What are some of the most interesting or exciting projects you are working on now? How do you think that might help people?

Another excellent question! I am currently working on a virtual program that will be a transformational journey to improve family relationships through self-exploratory/self-mastery work. When one person changes on the inside, they reflect that change on the exterior, thus everything and everyone around them changes as a result. I have firsthand experience with this transformative work and am looking forward to helping many families heal from past trauma, betrayal, disempowering patterns or ancestral wounds. Publishing my first solo book — Journey to Wholeness: How One Choice Changed Everything, is also a top priority for me this year as well as ramping up my YouTube channel with informative and inspirational videos and seeking more speaking opportunities.

OK, thank you for all of that. Let’s now shift to the core focus of our interview. In my writing, I talk about cultivating wellbeing habits in our lives, in order to be strong, vibrant and powerful co-creators of a better society. What we create is a reflection of how we think and feel. When we get back to a state of wellbeing and begin to create from that place, the outside world will reflect this state of wellbeing. Let’s dive deeper into this together. Based on your experience, can you share with our readers three good habits that can lead to optimum mental wellbeing? Please share a story or example for each.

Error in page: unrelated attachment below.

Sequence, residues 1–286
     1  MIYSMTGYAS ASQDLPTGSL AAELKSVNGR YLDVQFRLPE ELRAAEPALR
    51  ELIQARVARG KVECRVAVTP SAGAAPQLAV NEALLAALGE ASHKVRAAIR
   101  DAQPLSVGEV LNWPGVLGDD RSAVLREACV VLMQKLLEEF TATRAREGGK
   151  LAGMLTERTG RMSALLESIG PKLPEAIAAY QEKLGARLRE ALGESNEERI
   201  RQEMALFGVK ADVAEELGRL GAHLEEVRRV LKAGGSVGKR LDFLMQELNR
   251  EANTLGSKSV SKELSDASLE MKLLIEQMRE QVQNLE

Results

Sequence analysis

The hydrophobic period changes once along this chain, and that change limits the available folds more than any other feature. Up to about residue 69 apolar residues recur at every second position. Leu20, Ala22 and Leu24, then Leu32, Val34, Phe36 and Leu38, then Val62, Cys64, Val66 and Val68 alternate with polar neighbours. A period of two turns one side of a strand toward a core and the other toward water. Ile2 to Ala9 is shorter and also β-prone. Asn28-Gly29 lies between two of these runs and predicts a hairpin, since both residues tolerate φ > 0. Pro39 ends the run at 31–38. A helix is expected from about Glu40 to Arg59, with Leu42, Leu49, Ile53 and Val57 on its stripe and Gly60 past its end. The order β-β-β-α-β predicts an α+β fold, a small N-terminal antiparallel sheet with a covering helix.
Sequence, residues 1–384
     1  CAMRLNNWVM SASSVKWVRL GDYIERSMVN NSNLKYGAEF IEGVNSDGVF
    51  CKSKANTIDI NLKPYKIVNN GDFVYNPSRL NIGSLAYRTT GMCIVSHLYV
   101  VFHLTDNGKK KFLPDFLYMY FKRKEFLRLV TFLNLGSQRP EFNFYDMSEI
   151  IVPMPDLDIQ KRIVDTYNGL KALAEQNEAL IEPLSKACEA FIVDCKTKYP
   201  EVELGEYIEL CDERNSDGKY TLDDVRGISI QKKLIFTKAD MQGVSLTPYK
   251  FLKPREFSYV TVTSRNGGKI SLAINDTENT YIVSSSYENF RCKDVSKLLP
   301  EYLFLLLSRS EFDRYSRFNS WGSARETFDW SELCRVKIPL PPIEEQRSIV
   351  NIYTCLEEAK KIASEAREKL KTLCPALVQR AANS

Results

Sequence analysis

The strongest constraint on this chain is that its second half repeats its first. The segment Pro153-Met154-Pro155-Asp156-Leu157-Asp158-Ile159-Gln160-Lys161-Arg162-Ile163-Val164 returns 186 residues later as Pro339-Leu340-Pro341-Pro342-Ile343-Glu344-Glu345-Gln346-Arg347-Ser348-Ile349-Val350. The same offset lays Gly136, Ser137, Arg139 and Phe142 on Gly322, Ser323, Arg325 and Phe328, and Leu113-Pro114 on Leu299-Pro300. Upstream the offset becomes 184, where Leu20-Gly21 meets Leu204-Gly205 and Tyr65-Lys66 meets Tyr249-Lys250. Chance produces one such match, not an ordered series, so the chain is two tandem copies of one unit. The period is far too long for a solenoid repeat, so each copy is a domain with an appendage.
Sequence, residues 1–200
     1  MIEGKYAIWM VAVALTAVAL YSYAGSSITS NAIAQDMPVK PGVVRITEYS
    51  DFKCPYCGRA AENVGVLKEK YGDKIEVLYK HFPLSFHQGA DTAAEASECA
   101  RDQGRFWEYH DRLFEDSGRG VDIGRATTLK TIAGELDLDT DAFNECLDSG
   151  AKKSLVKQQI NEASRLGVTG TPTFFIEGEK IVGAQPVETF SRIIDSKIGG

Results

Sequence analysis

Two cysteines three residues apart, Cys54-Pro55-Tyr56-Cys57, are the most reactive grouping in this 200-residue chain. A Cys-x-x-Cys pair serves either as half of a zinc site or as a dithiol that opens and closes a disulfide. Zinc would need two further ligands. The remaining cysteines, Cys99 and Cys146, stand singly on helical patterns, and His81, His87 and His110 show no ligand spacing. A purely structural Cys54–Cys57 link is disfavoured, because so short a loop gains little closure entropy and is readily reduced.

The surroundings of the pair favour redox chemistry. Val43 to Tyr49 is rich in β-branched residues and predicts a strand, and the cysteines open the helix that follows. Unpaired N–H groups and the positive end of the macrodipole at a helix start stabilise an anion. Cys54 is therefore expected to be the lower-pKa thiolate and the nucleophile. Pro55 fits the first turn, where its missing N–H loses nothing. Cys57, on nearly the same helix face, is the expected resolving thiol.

I would love to! One good habit that can lead to optimum mental wellbeing is to embrace the fact that there is only one thing we ever really have control over — our thoughts! Since we all are bombarded with over 70,000 thoughts per day, it can be difficult to realize that we have the power to say yes or no to any thought that presents itself. Since we are all energy, we are feeling and sensing the energy of others all the time and that includes the thoughts of others. As such, we may not realize that the thoughts we are thinking are not our own and that we can let them go because we absolutely DO have that power. I would encourage your readers to experiment with this by becoming the observer of their thoughts for an entire day. Each time a thought presents itself ask: Is this thought mine? Do I accept it or believe it? Does it serve me or can I let it go and think a better thought? Our free will was meant to assist each of us in deciphering what is true and correct for each of us, individually, because what is true for me may not be true for you. I have learned so much about my inner thoughts by performing this exercise which makes it so much easier to know when someone else’s thought is infiltrating my mind.